Main Menu
What's New
99/00: Reports:

FA Carling Premiership, 31/9/99
Coventry City
On telly
By Martin Blanc

I've been watching Watford for twenty-one years now, and I don't know what took me so long, but last week I had my first ever dream about playing for the Horns. I didn't - in the dream - have any more ability than I do in real life, but I still got picked by GT to play right-half, I think. And all I remember of the game was that we were 2-1 up (save the wise-ass comments till you hear the rest of the story) and I was tackled, but managed to loop the ball over the opposition's heads so it landed on the edge of their box, from where our centre-forward slotted away a sweet half-volley in the right corner for a 3-1 win. But the thing is, who was our striker? Which marksman did I dream was playing on our side, and doing so well?

Skip the obvious answers. Skip the stupid answers. It was Alun Briggs, a kid I haven't seen for twelve years, and who I was at school with for eleven years before that.

See, I couldn't come up with a more realistic solution, even in my subconscious. Had to dredge the mucky riverbed of my mind for anyone that I believed would do just what Briggsy did.

Where were you yesterday, Alun, when we needed you?

Because all we saw were some more sweetly executed practice pitch moves, and I bet Tommy Smith can slot them away just fine when he's playing against Chris Day. And why's that? Cos there aren't TV cameras around. Oh yes, there are bigger jinxes and obstacles to overcome than Magnus Hedman (not that we really got anywhere near as close to him for the rest of the game...). Bloody Sky bloody TV. It was only cos we had our minds on bigger things at Wembley that we weren't sunk before we started then too.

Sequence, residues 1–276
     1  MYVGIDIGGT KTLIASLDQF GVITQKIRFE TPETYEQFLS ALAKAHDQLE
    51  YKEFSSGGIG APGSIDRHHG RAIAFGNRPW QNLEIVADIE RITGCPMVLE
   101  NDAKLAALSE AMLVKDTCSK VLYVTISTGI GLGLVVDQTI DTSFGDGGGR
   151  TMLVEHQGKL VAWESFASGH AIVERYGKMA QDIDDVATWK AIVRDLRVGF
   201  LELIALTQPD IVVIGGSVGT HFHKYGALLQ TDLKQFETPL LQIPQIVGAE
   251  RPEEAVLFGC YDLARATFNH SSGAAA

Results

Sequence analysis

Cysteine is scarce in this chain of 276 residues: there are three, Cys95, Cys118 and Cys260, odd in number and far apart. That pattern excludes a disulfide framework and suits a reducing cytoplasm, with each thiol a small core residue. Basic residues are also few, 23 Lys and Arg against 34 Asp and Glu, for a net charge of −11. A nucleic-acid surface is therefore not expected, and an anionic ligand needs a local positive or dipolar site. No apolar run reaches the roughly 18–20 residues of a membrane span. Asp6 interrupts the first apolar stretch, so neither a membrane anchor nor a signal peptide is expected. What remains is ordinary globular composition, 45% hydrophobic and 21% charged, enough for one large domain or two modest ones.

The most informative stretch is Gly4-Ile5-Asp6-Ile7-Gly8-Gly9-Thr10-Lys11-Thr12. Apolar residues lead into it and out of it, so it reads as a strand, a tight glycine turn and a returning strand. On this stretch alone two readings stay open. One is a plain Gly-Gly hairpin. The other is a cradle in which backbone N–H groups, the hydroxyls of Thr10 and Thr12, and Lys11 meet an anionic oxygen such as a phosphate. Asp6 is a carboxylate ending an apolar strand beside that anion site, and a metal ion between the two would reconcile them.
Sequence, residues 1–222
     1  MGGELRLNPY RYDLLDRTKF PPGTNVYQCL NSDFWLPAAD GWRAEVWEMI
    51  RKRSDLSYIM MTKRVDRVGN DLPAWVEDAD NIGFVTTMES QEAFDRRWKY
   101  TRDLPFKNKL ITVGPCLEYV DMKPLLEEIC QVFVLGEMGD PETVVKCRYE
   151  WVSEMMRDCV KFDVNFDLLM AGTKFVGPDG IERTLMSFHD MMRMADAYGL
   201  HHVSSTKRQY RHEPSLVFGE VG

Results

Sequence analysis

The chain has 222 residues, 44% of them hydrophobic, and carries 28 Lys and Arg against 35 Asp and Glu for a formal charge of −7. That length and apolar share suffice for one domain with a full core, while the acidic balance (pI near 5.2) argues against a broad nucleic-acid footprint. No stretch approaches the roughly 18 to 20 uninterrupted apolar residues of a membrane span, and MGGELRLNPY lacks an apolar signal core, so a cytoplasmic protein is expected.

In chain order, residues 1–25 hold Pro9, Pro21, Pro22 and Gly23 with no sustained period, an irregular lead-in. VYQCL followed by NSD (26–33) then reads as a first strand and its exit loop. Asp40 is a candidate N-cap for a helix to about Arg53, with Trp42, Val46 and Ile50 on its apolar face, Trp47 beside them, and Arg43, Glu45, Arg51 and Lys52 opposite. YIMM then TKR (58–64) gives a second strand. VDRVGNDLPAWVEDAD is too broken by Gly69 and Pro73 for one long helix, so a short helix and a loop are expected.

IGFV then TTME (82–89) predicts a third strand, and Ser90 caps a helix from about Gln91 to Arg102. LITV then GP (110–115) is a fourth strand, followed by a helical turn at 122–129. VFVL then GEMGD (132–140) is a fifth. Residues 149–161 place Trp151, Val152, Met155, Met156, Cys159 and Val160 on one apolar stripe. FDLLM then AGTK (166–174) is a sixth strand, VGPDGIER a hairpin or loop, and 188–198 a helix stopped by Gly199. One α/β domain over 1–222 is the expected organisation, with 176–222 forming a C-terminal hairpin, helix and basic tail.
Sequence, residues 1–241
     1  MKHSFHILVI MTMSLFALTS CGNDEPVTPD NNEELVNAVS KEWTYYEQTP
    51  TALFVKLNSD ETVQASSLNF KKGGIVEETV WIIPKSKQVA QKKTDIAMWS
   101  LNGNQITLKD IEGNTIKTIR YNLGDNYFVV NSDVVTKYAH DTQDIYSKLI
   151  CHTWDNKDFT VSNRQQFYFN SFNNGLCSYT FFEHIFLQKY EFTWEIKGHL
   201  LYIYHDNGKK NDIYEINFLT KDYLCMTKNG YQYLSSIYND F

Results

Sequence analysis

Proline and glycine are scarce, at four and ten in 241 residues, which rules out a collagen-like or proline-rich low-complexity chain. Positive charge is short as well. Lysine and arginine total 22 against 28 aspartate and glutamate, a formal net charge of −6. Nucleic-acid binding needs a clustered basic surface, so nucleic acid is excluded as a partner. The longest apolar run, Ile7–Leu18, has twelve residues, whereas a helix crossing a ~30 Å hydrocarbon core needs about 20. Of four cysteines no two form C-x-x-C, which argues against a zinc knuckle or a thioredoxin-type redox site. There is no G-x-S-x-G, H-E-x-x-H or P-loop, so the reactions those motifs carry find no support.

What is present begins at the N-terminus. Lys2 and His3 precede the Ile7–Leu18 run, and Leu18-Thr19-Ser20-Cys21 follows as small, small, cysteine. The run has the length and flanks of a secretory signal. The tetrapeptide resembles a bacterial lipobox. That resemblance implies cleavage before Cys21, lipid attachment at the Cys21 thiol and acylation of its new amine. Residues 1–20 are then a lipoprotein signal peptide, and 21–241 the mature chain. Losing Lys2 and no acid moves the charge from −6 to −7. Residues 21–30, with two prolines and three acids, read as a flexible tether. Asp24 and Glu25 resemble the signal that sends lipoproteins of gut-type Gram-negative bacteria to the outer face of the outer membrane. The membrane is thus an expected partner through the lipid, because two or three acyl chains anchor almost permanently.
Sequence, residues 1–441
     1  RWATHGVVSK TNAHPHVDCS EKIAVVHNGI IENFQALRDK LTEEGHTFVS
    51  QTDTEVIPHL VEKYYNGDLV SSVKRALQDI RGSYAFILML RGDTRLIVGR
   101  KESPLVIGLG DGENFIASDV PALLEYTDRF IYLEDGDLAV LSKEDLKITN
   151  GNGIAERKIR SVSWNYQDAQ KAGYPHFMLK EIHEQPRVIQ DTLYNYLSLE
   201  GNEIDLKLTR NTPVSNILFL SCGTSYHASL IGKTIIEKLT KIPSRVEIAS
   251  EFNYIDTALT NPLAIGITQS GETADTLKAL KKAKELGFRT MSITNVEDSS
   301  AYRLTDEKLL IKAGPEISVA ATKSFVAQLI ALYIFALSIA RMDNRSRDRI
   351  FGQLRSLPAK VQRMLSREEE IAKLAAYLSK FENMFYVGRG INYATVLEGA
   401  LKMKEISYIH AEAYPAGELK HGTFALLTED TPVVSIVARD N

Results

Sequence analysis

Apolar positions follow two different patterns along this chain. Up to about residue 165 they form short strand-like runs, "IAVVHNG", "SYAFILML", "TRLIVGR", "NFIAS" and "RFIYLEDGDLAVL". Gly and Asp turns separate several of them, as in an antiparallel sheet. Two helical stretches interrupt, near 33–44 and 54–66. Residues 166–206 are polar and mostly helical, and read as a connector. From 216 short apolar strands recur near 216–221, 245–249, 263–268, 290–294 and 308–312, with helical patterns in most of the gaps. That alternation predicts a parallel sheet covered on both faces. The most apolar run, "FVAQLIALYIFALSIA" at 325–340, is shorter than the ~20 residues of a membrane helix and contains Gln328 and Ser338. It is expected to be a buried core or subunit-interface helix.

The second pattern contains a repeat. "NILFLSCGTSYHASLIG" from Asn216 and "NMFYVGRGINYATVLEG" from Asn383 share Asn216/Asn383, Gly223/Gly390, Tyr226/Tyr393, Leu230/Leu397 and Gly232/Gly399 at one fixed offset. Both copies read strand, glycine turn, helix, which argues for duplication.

So we lost the game when Mark Williams was sent off against the Reds. There's nothing more to say. We know what the standard of our second team is - if not, just check out the Reserves League table. We don't need to be reminded that the third team is only a couple of months' fitness training above the ranks of WIFC, or maybe Alun Briggs himself (who to the best of my recollection never really put it about on the football field when we were high-voiced buddies).

We strived, we fluttered, and I hope Charlie Miller picked up an injury in the first half, otherwise there was something very skewed about GT's thinking in pulling him off then, since Ngonge just did what he does so well - move like the Roadrunner, then fall off a cliff when he's in their box.

Sorry, it just doesn't bear cool analysis. We were exposed, in terms of ability and strategy, and crucially in terms of ability to come back not just from being two goals down again, but from losing a game we thought we could win last week, in a game we had to get something from.

Oddly, the only bit of uncannily accurate foresight I had (since Alun Briggs played no part at Highfield Road) occurred in two moments while watching the game. I said to my mate at half-time, 'Two-nil and Hadji hasn't even scored yet.' And when he did, my mate says, 'McAllister hasn't scored either.' And I said, 'He'll get the penalty when Palmer handles.'

All right, I'd have got better odds betting on France to trounce the All Blacks, but still - it was live, it wasn't a repeat, so that's impressive.

But that's one advantage about telly. And at least on telly you can turn it off.